Oregon Standoff Defendants Argue for Right to Dress Like Cowboys in Court


According to Maxine Bernstein & the Oregonian/OregonLive, before prospective jurors file into Courtroom 9A in the federal courthouse in downtown Portland Wednesday morning, the judge is expected to rule on whether the defendants in the Oregon standoff case who are in custody can wear neckties, belts and boots at trial as requested.

Ammon Ryan LaVoy 1Ammon Bundy’s lawyer J. Morgan Philpot, argued that his client is innocent until proven guilty, and should be allowed to wear the civilian clothes that he chooses.

“We would prefer our clients not look like disheveled slackers in front of the jury,” Philpot told the judge during Tuesday’s last pretrial conference hearing.

Philpot added later in the day in a written motion, “These men are cowboys, and given that the jury will be assessing their authenticity and credibility, they should be able to present themselves to the jury in that manner.”

Ammon Bundy remarked in court that he’s never even worn slip-on shoes or loafers before court on Tuesday.

On August 27, the U.S. Marshal’s Service sent an email to defendants, alerting them that certain clothing items won’t be permitted at trial: “Ties, Bows, Belts, Handkerchiefs, Cuff Links, Steel toe boots/shoes, Shoe laces, Shirt tie down straps, Safety pins, Shirt pocket pen protectors.”

As a result, Ammon Bundy arranged to wear non-steel toe boots but was informed those aren’t allowed either.

U.S. District Judge Anna J. Brown Tuesday afternoon asked Barbara Alfono, the deputy U.S marshal in charge of the Bundy trial, about the dress code.

Alfono said the defendants who are in custody cannot wear ties, boots or belts as safety precautions.

Those accessories could be used as weapons against deputy marshals or the defendants themselves, she said. Further, the defendants will be wearing shackles around their ankles when they’re taken to and from the courthouse, and boots would interfere with them. Those shackles, however, will be removed once the defendants are in the courtroom.

Philpot pressed further in court Tuesday, asking if he could provide boots for his client to change into once he’s led into the courtroom, and before the jury is brought in.

The judge advised Philpot to file a motion by the end of the day Tuesday, and cite any prior court rulings on the matter.

Philpot, in his motion, said he and co-counsel Marcus Mumford were not able to find a U.S. Supreme Court or U.S. 9th Circuit Court of Appeals case on point that declared a defendant’s right to be tried in the clothes of his choosing.

Instead, they cited a 5th U.S. Circuit Court of Appeals ruling that found because of a defendant’s presumption of innocence, “(n)o insinuations, indications or implications suggesting guilt should be displayed before the jury, other than admissible evidence and permissible argument.”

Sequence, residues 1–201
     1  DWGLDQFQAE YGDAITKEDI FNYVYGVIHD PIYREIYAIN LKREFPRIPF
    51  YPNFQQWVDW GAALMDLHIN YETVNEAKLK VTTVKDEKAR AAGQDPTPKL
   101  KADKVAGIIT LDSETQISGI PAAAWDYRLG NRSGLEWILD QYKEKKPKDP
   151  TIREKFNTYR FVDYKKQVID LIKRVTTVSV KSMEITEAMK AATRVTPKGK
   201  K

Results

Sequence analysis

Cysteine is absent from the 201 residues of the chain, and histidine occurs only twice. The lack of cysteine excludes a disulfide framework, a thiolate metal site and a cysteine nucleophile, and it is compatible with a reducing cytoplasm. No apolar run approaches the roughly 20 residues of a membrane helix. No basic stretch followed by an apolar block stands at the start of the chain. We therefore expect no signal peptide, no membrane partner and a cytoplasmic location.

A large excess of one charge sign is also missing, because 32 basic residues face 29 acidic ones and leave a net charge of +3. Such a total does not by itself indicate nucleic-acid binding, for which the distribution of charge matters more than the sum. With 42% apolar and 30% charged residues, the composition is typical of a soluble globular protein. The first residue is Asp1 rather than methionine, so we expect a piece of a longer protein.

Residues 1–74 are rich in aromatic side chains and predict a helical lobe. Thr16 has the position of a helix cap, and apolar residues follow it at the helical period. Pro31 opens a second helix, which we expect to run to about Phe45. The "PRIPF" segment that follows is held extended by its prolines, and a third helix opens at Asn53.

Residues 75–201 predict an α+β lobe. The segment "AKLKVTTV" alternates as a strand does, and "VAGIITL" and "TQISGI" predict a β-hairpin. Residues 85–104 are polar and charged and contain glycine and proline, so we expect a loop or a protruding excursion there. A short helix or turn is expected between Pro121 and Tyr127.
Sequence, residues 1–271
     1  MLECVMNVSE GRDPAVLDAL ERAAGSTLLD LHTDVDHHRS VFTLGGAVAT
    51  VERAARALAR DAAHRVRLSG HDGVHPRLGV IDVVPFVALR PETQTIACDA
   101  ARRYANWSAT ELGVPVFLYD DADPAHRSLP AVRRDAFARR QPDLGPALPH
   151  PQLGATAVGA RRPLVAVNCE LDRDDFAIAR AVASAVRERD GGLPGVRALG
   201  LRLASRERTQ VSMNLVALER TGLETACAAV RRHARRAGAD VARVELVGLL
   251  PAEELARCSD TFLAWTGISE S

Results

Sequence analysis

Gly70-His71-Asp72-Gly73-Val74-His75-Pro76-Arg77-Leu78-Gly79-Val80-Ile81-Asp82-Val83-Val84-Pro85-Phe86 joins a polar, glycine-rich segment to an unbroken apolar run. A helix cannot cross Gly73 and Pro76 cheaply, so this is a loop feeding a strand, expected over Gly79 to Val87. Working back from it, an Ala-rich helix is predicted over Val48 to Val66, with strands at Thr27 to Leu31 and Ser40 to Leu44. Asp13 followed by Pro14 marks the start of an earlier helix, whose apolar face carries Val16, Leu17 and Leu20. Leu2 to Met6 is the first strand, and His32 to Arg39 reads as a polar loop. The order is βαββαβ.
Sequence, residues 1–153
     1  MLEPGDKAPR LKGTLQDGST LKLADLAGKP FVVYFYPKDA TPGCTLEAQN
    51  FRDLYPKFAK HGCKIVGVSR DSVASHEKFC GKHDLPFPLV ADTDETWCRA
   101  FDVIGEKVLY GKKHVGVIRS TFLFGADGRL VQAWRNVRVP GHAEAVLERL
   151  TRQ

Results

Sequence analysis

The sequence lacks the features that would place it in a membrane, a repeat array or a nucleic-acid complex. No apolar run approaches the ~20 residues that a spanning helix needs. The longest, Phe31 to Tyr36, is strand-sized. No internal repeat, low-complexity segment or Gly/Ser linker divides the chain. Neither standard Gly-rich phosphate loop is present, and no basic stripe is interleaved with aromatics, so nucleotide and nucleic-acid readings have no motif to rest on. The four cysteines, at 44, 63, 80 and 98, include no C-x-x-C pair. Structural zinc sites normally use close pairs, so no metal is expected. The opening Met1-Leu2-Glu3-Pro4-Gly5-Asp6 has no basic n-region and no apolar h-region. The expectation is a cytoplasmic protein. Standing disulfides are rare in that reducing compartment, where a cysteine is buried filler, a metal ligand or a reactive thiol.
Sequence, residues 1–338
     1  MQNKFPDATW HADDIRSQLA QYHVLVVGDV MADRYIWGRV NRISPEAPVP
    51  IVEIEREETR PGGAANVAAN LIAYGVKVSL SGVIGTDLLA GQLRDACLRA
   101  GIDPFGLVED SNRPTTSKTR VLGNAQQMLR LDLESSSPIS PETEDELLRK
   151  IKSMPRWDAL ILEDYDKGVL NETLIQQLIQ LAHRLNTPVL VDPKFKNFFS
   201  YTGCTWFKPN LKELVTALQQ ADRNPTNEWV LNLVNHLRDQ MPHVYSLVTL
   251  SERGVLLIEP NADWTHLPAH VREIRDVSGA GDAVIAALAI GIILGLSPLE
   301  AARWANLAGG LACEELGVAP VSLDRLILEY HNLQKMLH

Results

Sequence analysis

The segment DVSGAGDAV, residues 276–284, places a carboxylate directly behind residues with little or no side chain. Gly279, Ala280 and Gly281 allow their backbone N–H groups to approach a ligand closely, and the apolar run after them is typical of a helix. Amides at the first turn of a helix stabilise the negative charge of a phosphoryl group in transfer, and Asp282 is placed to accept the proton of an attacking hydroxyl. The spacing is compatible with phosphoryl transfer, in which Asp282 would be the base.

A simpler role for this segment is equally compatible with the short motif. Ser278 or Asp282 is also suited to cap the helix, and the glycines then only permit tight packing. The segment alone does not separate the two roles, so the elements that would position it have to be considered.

“We would prefer our clients not look like disheveled slackers in front of the jury.” -Attorney J. Morgan Philpot

Ammon Bundy and his brother Ryan Bundy both wore suit jackets to court Tuesday because the court took photos of them to place in a juror’s book that will be handed out at trial. Ammon Bundy wore a gray suit jacket over a white dress shirt. His brother wore a dark suit jacket over a light blue dress shirt.

“He looks very presentable,” the judge said of Ammon Bundy.

She described his clothing as “perfectly appropriate for court.”

But Philpot argued in his written motion that the judge’s opinion was based on a view of Ammon Bundy seated. Yet at trial, he will stand and likely take the witness stand to testify in his own defense, his lawyer said.

“We must consider, when he does so, how will he look? And what are the spot assumptions and impressions will the jury have about him when they see him in the kind of white socks and loafers he was wearing today, with his beltless trousers, and dressed in a formal suit without a tie,” Philpot wrote. “Just as significantly, how will the lack of belt, tie, or other apparel compare to others in the courtroom, as he and the other detained defendants are the only ones who will appear that way.”

The only other co-defendant on trial this month who remains in custody is David Fry. On Tuesday, he wore a blue sweater to court.

Co-defendant Jeff Banta wore a gray dress shirt with jeans. Co-defendant Shawna Cox wore a black blazer and long skirt, and defendants Neil Wampler and Kenneth Medenbach each wore plaid shirts with pants.

Assistant U.S. Attorney Ethan Knight urged the court to maintain the U.S. Marshals Service restrictions¬†on the in-custody defendants’ dress. He argued that no prejudice arises from the clothing restrictions.

The judge urged the Bundys’ lawyers to bring ties and belts and boots to court for their clients Wednesday in case she overrules the U.S. marshals after considering the matter further.

In other action, Ryan Bundy Tuesday challenged the government’s theory that he may have “aided and abetted” in the theft of government property, specifically regarding his alleged stealing of government cameras in mid-January.

Ryan Bundy cited “basic Biblical principle,” noting, “A man will be accountable for his own sins and not that of another.”

The judge quickly dismissed his argument.

“Mr. Bundy,” she said, “the Biblical standards don’t apply.”

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